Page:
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ostree-prepare-root - Man Page

Change the view of a mounted root filesystem to an ostree deployment


ostree prepare-root {TARGET}


At its core, ostree operates on an existing mounted filesystem. Tooling such as ostree admin deploy will create a new directory that can be used as a bootable target. This tool is designed to run in an initramfs and set up "remapping" mounts as a view into that filesystem.

As of more recently, this tool also has optional support for composefs, which creates a distinct mount point layered on top of the underlying filesystem.

The most common pattern today is to use systemd in an initramfs. The systemd unit shipped upstream is ordered in this way: After=sysroot.mount and Before=initrd-root-fs.target

When it runs, the mounted filesystem at the provided TARGET (usually /sysroot) will be changed such that what appears at /sysroot is actually the "deployment root" - i.e. a particular versioned subdirectory. What was formerly the "physical root" i.e. the real root of the filesystem will appear as /sysroot/sysroot.

For /var, by default a bind mount is created from the deployment root to /sysroot/var.

A read-only bind mount is created over /sysroot/usr. The immutable bit (see chattr(1)) is set on the deployment root, so this provides basic protection for filesystem mutation. If the sysroot.readonly option is enabled, then /sysroot/sysroot is mounted read-only to provide further protection and a writable bind mount for /sysroot/etc is created.

Finally, when higher level tooling such as systemd performs a switch-root operation, what was /sysroot becomes / and after the transition into the real root, the system will be booted into the "deployment", which is a versioned immutable filesystem tree. The ostree tooling running in the real root thereafter performs further changes by operating on /sysroot which is now the "physical root".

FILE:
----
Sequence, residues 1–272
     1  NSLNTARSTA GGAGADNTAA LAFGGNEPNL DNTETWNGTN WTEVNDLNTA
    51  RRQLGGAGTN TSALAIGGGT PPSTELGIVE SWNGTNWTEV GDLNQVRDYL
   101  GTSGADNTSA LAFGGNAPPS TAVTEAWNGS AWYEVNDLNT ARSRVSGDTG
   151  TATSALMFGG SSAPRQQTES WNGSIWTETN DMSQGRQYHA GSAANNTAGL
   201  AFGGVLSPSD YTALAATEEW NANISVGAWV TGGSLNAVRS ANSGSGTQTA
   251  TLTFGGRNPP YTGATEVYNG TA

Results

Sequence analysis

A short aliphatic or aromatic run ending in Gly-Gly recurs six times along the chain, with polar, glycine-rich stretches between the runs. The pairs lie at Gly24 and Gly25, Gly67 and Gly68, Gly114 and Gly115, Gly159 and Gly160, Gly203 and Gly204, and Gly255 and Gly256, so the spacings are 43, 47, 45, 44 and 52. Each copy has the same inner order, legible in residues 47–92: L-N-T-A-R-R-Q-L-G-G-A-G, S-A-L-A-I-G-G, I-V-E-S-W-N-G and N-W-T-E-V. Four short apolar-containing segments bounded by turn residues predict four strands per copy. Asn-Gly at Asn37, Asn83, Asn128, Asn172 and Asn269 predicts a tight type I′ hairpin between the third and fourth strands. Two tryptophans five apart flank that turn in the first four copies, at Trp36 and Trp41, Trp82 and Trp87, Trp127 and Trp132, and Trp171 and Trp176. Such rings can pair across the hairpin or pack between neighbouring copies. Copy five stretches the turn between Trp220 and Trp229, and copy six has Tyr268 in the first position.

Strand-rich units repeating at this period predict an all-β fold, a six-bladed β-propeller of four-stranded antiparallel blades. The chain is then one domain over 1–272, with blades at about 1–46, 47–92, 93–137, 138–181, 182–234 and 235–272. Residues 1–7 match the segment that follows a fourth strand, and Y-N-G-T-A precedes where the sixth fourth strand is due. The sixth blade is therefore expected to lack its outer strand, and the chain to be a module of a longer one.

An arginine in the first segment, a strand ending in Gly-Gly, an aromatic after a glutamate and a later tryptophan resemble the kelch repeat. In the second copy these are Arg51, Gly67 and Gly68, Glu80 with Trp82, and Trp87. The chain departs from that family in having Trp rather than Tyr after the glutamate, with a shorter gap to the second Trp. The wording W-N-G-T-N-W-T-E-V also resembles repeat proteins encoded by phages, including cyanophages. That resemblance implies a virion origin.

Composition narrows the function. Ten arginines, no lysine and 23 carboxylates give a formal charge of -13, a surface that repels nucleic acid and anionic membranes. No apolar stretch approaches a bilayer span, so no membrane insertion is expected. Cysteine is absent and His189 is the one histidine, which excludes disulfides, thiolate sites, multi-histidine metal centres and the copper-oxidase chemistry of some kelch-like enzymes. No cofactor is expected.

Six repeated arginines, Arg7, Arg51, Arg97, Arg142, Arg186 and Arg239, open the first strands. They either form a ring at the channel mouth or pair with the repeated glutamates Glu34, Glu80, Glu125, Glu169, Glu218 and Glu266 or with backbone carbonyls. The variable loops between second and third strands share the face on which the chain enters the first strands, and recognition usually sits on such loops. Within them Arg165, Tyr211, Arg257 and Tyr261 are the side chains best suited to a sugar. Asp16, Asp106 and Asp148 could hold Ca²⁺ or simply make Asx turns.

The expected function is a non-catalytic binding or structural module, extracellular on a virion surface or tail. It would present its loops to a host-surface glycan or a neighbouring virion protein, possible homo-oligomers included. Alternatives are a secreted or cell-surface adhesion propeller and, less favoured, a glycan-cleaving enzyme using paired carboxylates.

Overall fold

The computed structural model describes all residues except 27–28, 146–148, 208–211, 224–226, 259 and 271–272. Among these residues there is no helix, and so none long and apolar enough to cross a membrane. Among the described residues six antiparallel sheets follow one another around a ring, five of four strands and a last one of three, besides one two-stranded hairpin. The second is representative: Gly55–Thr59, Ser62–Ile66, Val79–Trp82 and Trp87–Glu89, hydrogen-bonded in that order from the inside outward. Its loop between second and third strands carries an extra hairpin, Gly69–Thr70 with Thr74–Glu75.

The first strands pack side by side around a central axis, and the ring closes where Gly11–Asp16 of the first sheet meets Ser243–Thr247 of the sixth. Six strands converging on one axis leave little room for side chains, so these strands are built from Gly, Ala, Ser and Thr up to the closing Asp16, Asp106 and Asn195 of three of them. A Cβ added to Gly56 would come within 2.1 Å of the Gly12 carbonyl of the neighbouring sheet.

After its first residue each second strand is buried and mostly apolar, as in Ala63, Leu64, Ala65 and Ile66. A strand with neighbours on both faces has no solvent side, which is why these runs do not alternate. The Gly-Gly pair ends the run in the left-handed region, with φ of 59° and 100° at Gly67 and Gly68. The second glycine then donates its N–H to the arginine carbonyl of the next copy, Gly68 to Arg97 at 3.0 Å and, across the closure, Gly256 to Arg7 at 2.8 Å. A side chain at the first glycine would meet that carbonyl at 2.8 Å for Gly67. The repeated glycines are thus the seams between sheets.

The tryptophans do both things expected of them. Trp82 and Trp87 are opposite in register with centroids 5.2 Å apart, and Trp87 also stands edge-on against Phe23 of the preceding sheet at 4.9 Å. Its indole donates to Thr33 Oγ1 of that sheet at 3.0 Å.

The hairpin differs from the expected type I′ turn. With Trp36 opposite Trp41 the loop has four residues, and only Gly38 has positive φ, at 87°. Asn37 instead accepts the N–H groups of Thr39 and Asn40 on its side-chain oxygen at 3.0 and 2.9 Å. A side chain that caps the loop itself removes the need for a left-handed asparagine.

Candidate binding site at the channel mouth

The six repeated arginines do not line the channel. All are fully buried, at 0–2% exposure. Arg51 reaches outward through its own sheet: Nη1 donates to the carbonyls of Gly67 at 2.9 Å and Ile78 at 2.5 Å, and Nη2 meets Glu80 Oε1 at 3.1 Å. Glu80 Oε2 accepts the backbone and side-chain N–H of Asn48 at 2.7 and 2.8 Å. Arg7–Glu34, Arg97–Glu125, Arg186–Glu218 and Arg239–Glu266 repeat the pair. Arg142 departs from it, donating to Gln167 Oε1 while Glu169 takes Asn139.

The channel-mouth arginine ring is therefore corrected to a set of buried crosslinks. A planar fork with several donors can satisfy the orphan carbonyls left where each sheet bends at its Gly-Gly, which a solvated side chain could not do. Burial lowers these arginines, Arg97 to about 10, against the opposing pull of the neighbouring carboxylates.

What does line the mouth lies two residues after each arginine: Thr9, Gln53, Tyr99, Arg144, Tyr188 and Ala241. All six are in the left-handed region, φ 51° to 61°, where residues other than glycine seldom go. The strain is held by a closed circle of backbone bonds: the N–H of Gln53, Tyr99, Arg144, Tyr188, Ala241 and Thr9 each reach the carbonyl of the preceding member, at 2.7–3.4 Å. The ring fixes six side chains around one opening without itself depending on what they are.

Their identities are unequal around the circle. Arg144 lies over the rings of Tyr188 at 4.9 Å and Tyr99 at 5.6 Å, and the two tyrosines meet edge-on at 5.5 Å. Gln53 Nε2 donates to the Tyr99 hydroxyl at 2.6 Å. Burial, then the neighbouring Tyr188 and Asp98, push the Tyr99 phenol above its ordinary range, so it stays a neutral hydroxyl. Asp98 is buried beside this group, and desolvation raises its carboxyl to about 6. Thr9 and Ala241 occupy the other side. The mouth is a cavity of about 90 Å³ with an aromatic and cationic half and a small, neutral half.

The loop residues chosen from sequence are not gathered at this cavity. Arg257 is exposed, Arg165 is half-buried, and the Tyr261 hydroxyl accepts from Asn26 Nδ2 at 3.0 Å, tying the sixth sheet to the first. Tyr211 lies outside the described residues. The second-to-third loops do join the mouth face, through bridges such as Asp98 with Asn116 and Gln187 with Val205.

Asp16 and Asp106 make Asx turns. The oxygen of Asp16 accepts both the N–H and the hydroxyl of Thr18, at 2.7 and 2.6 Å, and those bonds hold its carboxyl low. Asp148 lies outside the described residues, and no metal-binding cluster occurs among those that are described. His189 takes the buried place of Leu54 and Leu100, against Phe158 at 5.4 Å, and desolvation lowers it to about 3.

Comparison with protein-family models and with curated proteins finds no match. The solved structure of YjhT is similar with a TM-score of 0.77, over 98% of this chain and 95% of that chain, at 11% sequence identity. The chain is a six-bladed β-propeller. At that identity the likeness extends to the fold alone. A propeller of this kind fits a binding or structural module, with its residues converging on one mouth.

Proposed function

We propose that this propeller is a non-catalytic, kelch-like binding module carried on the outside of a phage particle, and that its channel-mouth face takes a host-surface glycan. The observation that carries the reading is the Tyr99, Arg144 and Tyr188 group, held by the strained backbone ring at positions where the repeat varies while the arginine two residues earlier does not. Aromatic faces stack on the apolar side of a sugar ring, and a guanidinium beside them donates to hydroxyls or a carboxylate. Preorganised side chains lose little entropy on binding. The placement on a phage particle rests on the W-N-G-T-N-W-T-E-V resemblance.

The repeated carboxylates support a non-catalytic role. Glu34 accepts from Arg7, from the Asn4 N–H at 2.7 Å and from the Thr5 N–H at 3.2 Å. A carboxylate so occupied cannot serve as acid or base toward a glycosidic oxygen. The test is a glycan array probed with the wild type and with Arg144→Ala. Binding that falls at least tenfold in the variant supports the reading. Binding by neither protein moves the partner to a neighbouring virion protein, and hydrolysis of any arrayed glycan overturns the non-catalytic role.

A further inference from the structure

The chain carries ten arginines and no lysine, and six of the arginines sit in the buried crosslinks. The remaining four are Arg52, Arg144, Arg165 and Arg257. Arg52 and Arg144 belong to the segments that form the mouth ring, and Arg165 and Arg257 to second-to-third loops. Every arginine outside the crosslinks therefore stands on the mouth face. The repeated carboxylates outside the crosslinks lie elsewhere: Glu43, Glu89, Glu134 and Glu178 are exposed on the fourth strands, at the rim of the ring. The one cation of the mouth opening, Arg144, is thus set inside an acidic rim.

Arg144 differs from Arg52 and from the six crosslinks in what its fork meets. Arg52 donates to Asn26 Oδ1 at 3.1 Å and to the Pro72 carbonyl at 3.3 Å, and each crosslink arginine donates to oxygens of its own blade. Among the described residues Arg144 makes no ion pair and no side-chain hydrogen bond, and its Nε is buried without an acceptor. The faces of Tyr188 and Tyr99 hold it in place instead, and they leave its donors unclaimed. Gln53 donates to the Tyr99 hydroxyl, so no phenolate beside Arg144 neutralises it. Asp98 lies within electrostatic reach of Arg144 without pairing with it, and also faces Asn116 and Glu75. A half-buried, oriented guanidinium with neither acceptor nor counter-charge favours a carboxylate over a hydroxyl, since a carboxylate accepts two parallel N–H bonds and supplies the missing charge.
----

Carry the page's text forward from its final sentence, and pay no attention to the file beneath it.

The /usr/lib/ostree/prepare-root.conf (or /etc/ostree/prepare-root.conf) config file is parsed by ostree-prepare-root. This file must be present in the initramfs. The default dracut module will copy it from the real root if present.


A boolean value; the default is false unless composefs is enabled. If this is set to true, then the /sysroot mount point is mounted read-only.


A boolean value; the default is false. If this is set to true, then the /etc mount point is mounted transiently i.e. a non-persistent location.


A boolean value; the default is false. If this is set to true, then the / filesystem will be a writable overlayfs, with the upper directory being a hidden directory (in the underlying system root filesystem) that will persist across reboots by default. However, changes will be discarded on OS updates!

Enabling this option can be very useful for cases such as packages (dpkg/rpm/etc) that write content into /opt, particularly where they expect the target to be writable at runtime. To make that work, ensure that your /opt directory is *not* a symlink to /var/opt, but is just an empty directory.

Note the /usr mount point remains read-only by default. This option is independent of etc.transient and sysroot.readonly; it is supported for example to have root.transient=true but etc.transient=false in which case changes to /etc continue to persist across updates, with the default OSTree 3-way merge applied.


This can be yes, no. maybe or signed. The default is maybe. If set to yes or signed, then composefs is always used, and the boot fails if it is not available. Additionally if set to signed, boot will fail if the image cannot be validated by a public key. If set to maybe, then composefs is used if supported.


Path to a file with Ed25519 public keys in the initramfs, used if composefs.enabled is set to signed. The default value for this is /etc/ostree/initramfs-root-binding.key. For a valid signed boot the target OSTree commit must be signed by at least one public key in this file, and the commitfs digest listed in the commit must match the target composefs image.


As mentioned above, this tool comes with a systemd unit file ostree-prepare-root.service and it is primarily expected to be invoked this way.


The default for ostree is to create a plain hardlinked filesystem tree. composefs support is currently experimental; see the upstream doc/composefs.md for more information on using it.

Referenced By


ostree prepare-root